363 S.E.2d 260

ADAMS v. COBB COUNTY (two cases). ADAMS et al. v. COBB COUNTY.

74915, 74917 74916.Court of Appeals of Georgia.

CARLEY, Judge.

In 1978, the appellee-condemnor in each of these three companion cases filed a declaration of taking and paid estimated just and adequate compensation into the registry of court. Each appellant-condemnee then filed a timely notice of appeal pursuant to OCGA § 32-3-14. In each case, however, a period of more than five years elapsed without the trial court entering a written order therein. In 1983, each appellant attempted to utilize the provisions of former OCGA § 9-2-61 (a) to renew his or her appeal by paying costs and refiling a notice of appeal. The trial court, however, ordered the dismissal of appellants’ renewed appeals, holding that the remedial provisions of former OCGA § 9-2-61 (a) were not available to them. Each appellant filed a notice of appeal to this Court from the respective order of dismissal and the resulting three appeals are hereby consolidated for disposition in this single opinion.

1. The trial court cited OCGA § 9-11-41 (e) as authority for holding that appellants’ original appeals had been automatically dismissed. On appeal, appellants urge the inapplicability of that statute to condemnation proceedings. However, this court has previously held that the automatic dismissal provision of OCGA §9-11-41 (e) does apply to condemnation proceedings. West v. Dept. of Transp., 174 Ga. App. 603 (330 S.E.2d 803) (1985). Moreover, even if OCGA § 9-11-41 (e) were otherwise inapplicable, appellants’ original appeals would nevertheless be deemed as having been automatically dismissed pursuant to OCGA § 9-2-60. See Dehco, Inc. v. State Hwy. Dept., 147 Ga. App. 476
(249 S.E.2d 282) (1978); Fulton County v. Corp. of the Presiding Bishop c., 133 Ga. App. 847 (1) (212 S.E.2d 451) (1975).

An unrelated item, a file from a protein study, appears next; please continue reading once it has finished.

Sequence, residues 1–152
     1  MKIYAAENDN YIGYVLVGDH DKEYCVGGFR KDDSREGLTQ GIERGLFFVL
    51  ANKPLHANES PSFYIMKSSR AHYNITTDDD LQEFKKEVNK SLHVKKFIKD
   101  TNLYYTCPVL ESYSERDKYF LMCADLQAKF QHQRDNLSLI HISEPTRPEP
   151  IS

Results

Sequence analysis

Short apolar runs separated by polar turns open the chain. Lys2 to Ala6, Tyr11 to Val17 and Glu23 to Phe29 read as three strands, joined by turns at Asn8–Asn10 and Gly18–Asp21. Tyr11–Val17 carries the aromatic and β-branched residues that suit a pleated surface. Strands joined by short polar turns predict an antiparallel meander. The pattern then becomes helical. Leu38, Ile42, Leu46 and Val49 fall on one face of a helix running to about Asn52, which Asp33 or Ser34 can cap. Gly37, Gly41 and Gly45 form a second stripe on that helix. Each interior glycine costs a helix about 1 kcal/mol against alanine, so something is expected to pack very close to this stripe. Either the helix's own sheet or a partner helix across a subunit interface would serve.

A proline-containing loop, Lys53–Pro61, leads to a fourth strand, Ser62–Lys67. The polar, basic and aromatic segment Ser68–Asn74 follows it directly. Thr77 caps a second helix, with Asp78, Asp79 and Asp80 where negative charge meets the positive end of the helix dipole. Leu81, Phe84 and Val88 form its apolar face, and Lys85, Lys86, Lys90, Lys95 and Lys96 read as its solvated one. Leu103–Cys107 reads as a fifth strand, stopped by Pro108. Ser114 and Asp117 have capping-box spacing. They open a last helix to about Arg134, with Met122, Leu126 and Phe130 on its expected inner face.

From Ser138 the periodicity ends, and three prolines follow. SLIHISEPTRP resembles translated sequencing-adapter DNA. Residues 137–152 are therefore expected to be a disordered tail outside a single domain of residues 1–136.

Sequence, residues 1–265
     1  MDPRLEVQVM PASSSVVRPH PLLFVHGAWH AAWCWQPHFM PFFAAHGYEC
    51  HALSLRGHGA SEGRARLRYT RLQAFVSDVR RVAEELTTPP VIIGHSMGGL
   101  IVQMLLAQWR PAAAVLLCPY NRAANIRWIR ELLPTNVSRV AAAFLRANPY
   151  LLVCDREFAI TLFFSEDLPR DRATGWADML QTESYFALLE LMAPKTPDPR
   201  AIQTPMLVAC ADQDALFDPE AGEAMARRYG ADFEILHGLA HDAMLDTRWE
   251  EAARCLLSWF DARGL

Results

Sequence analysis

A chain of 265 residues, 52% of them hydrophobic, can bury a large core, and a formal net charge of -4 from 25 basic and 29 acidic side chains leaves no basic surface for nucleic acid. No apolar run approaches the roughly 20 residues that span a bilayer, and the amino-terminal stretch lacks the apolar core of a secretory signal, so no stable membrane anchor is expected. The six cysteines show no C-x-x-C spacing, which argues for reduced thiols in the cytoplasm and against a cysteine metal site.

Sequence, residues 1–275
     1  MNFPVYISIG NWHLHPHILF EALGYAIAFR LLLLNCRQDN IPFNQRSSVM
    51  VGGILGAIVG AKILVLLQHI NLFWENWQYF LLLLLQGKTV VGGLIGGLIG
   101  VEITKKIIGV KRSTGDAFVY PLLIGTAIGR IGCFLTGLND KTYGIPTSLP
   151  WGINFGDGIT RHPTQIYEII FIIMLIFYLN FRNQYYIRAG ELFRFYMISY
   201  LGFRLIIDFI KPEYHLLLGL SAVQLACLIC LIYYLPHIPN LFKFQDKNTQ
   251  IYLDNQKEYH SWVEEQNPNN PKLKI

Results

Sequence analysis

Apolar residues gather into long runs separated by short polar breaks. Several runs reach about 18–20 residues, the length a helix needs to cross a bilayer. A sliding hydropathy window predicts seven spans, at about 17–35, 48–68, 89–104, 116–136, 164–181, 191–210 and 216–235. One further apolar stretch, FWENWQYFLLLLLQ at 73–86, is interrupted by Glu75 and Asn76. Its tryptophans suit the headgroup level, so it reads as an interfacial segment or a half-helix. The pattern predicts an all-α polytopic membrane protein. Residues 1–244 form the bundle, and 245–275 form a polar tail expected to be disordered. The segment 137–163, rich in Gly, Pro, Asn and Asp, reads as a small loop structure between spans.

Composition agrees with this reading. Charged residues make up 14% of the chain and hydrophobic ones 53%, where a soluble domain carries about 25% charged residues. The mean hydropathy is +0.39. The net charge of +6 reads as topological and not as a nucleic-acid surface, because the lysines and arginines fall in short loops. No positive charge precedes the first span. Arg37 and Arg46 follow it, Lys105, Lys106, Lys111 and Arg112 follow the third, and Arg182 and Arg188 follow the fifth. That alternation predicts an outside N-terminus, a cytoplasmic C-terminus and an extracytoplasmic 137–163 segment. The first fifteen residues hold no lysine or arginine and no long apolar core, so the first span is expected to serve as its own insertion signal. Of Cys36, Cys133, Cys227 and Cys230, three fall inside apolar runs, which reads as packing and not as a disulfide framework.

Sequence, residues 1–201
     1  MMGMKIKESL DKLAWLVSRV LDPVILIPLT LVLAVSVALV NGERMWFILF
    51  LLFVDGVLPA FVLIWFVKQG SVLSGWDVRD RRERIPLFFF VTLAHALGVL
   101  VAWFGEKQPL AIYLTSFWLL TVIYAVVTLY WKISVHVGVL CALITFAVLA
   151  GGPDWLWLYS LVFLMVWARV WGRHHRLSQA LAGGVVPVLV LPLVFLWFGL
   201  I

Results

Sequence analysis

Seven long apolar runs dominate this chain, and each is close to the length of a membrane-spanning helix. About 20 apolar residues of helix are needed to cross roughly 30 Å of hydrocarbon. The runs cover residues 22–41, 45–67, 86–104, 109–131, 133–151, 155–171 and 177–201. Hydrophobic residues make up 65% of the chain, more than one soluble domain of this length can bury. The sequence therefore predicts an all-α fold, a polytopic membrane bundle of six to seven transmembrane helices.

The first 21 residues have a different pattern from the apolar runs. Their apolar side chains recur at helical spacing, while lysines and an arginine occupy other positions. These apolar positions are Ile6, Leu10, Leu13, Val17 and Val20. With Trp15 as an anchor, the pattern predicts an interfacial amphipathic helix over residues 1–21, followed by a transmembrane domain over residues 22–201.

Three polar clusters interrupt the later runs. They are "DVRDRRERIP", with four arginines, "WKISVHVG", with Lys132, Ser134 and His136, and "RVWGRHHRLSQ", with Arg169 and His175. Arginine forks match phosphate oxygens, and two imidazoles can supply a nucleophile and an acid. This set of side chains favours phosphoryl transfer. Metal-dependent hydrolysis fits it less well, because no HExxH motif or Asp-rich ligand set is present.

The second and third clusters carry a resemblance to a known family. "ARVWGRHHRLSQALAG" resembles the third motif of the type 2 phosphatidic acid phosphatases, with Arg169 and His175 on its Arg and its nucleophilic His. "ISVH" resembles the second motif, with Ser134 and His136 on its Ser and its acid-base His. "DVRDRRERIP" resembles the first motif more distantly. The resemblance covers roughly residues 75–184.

2. Appellants filed their renewed appeals within six months of the automatic dismissal in 1983 of their original appeals. Appellants urge that the trial court erred in ruling that the renewal provision of former OCGA § 9-2-61 (a) was not available to them.

Former OCGA § 9-2-61 (a) provided, in relevant part, as follows: “If a plaintiff discontinues or dismisses his case and recommences the

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same within six months, the renewed case shall stand upon the same footing, as to limitation, with the original case….” (Emphasis supplied.) This statutory provision was held to be applicable where, as in the cases at bar, the prior dismissal was automatic rather than voluntary. Allstate Ins. Co. v. Dobbs, 134 Ga. App. 225 (213 S.E.2d 915) (1975). See also existing OCGA §9-2-60 (c). However, by its unequivocal language, the former statute also provided that the right of renewal was available only to plaintiffs. See also existing OCGA § 9-2-60 (c). Appellants urge that they are the true plaintiffs because it was they who initiated the dismissed proceedings by filing their original notices of appeal.